It's real name is the tour of the Vatican Necropolis. "Scavi" is just the Italian word for "excavation", and I don't know why people call this the "scavi tour". Once on this forum, someone asked about the scavi tour, and a Roman asked "Which scavi?" Rome is full of "scavi". Even the excavations for the construction of a building are called scavi.
The Necropolis tour takes you to the excavations of an ancient Roman cemetery under St. Peter's Basilica. For centuries it was reported that the main altar of St. Peter's Basilica was constructed over the main altar of the earlier basilica, which was constructed right over the tomb of St. Peter. In the 20th century, excavations were started to find the tomb. I once was told by a guide on this tour that when the cemetery was first found, the clergy were shocked to find a pagan cemetery, so they stopped the work and didn't resume it until a later time. This sounds fishy, because even an untutored lay person should realize that when St. Peter was crucified, all the cemeteries in Rome were pagan cemeteries. I've also read that the excavations were stopped because of World War II, which sounds more plausible. In any case, eventually they found what seemed to be the tomb of St. Peter, with an insciption identifying it, but it was empty. However, a short distance away, and higher up, they found the remains of a middle aged man from the same period. It's now believed this is the body of St. Peter. During one of the imperial persecutuions, the body was moved for safekeeping, probably to the catacomb of San Sebastiano, and brought back at a later date. When the Emperor Constantine built the first basilica, he leveled the ground, chopping off the tops of the tombs that were too high, and filling in the low spots with rubble. The tomb may have been moved a little higher to keep it from being buried. In very early times, a small chapel had been built above the tomb, where pilgrims came to pray. When the first Basilica was built, the Chapel of the Confession was built around this original little chapel.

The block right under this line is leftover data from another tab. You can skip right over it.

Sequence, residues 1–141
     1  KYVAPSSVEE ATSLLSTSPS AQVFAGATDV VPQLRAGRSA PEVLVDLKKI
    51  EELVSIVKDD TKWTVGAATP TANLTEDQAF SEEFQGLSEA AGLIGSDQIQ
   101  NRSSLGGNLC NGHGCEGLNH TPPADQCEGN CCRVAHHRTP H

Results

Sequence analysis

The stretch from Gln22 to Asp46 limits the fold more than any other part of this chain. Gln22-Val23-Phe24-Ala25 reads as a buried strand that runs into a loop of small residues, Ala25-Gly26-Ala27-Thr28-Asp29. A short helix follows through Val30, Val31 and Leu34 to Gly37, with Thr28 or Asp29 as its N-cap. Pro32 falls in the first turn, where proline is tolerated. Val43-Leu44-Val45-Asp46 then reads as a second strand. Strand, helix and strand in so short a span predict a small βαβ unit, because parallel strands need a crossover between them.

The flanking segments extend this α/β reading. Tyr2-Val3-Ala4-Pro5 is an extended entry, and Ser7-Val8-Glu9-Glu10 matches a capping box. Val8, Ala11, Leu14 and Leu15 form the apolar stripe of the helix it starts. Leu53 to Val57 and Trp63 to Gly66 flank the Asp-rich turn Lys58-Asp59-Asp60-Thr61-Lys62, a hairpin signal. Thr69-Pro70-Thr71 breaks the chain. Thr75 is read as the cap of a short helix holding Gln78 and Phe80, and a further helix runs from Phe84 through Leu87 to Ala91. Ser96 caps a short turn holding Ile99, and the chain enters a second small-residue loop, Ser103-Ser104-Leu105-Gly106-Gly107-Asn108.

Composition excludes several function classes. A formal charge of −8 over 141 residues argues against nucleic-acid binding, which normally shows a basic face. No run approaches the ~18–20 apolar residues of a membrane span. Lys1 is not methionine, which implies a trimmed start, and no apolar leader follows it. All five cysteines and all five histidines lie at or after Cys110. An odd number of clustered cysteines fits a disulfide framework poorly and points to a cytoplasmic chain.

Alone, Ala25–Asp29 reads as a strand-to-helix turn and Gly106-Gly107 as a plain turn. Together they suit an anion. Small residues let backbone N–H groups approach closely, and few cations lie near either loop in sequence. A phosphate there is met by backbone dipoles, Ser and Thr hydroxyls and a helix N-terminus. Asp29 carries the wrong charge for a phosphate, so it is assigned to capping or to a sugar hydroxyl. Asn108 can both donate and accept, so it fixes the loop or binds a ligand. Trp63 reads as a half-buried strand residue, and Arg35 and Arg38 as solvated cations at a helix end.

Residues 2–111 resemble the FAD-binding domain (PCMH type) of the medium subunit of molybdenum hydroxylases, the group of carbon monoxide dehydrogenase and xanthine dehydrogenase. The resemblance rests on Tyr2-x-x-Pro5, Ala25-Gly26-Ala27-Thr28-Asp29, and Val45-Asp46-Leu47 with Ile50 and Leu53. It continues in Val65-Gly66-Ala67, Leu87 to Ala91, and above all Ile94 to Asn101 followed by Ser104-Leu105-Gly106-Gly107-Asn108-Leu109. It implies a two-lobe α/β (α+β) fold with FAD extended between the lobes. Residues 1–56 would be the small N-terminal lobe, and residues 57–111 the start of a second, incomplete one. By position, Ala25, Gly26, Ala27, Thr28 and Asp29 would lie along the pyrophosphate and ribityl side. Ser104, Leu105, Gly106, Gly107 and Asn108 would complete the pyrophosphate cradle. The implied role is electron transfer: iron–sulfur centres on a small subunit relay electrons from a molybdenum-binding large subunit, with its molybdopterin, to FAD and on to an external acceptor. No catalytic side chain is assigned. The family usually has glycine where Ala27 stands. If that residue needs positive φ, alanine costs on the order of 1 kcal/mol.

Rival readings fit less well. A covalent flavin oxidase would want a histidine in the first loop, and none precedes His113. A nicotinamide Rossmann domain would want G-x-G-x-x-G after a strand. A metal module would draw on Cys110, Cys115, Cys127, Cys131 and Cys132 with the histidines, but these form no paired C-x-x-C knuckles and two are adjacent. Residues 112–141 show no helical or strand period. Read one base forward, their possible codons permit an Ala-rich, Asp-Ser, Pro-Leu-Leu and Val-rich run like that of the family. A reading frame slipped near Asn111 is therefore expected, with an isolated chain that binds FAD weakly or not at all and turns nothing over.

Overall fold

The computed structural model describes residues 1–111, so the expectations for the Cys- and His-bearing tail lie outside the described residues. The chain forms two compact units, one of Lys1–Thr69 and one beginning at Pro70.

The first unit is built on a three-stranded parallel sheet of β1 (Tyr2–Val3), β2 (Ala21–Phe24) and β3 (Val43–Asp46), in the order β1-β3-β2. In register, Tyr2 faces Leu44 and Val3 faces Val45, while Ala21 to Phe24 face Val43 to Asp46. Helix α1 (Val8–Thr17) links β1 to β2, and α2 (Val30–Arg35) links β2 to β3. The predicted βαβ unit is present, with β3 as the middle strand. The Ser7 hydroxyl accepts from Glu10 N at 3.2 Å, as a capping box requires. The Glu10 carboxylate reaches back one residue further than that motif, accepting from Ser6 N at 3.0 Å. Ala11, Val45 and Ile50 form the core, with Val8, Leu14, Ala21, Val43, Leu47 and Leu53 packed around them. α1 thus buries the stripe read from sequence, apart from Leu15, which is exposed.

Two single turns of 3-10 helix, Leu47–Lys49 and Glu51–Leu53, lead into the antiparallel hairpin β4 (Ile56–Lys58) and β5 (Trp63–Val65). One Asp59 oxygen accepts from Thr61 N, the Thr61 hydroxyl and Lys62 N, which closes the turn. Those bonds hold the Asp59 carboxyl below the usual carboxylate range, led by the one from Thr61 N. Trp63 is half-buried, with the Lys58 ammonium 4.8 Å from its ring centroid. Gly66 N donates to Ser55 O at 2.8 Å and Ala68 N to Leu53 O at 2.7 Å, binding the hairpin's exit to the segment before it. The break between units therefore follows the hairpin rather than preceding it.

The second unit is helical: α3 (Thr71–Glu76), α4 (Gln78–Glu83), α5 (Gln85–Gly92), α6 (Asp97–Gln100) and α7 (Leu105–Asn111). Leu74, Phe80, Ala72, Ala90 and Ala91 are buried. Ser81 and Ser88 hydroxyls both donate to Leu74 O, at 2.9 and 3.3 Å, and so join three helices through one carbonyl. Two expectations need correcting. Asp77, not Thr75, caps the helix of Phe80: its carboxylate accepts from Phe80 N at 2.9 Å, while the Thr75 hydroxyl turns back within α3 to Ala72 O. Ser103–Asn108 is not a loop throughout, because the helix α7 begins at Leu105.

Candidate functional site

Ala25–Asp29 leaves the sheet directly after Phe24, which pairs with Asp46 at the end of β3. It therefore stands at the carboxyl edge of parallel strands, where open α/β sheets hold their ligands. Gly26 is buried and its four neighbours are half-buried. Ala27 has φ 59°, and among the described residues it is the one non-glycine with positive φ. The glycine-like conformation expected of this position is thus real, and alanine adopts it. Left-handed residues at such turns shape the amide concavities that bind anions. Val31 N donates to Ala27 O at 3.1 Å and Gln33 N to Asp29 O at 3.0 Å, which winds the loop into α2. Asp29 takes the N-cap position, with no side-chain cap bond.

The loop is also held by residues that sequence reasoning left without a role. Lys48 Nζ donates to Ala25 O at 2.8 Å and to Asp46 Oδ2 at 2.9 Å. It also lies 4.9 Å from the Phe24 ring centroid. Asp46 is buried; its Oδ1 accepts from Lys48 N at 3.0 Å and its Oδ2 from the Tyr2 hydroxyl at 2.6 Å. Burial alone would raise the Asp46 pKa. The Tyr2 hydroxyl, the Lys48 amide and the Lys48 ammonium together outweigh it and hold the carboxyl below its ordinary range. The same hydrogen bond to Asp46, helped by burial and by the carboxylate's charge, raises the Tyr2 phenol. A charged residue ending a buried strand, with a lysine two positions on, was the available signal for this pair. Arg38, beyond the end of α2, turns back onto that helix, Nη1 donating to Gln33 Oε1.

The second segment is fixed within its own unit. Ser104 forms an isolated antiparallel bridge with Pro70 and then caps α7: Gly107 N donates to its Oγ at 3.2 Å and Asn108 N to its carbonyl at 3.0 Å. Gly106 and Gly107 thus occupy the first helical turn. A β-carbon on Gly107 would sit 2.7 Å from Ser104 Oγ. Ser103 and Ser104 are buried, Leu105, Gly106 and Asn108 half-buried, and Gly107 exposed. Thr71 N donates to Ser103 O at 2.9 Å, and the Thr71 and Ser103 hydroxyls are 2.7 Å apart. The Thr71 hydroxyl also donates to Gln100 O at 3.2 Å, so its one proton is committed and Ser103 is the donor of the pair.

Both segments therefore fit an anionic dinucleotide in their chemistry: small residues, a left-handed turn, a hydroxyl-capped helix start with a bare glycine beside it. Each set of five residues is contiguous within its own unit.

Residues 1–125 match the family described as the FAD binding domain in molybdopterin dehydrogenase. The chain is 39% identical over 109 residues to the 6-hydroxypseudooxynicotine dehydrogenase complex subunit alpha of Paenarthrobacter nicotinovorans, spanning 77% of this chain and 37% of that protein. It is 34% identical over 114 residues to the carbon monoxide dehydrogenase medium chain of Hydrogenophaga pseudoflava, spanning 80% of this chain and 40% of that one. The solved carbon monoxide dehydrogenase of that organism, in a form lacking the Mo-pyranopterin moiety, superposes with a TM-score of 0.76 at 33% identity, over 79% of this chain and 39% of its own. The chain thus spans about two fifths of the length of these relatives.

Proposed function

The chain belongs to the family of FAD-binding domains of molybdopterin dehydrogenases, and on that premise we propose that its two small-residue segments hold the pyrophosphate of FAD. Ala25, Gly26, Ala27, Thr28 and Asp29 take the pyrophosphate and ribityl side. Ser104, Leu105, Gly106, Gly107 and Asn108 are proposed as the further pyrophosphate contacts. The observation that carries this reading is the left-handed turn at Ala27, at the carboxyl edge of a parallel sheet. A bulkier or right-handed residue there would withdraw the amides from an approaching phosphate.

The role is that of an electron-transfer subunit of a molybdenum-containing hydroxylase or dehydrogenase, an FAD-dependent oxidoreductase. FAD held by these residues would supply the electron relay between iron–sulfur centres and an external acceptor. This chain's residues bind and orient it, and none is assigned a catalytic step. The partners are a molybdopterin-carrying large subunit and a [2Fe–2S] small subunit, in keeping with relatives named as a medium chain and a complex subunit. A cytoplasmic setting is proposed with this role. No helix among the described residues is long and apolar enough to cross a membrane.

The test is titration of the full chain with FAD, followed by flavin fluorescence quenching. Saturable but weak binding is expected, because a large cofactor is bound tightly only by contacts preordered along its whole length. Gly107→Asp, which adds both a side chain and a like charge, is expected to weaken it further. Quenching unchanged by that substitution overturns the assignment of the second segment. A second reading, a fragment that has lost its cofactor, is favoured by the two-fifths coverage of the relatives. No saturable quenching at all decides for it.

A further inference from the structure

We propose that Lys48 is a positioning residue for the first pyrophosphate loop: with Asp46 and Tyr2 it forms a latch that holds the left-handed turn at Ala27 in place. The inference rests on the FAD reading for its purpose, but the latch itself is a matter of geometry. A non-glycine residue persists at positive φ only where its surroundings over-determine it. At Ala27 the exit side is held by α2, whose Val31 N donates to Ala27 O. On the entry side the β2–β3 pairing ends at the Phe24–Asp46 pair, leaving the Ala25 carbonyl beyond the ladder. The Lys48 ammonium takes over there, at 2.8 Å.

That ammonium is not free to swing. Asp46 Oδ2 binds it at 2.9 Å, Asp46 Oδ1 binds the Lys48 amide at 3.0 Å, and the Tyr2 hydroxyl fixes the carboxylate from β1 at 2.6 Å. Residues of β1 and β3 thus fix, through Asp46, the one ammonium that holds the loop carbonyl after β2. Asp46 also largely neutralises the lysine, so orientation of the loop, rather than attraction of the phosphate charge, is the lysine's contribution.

When you take the tour, you're taken along an ancient Roman road, and shown some painted pagan and Christian tombs. Finally you see the supposed tomb of St. Peter, and then you're taken up into the crypt of the basilica, to the Chapel of the Confession, where you can look down a little opening and see a lamp that supposedly burns before the actual body of St. Peter.
If you don't take the tour of the Necropolis, you can enter the crypt from the main floor of the basilica, by a stairway near the main altar. There's no charge to enter the crypt. Here you can see the Chapel of the Confession, with the niche that is above the tomb. You usually can't enter the chapel, but it's open at the front and you can kneel in front of it. You can see the tombs of many other popes in the crypt.
If you do take the tour, after it's over, you can visit the crypt and then go up to the main floor of the basilica and so visit the basilica without having to wait in the sometimes-long security queue. (You'll have gone through security already before taking the necropolis tour.)
The tour is interesting, but I don't think it's something you should ruin your schedule for. You can see as much of the tomb from the crypt as you can from the excavations below. If you want to see painted Roman tombs or an ancient Roman street, there are other places in Rome to see those.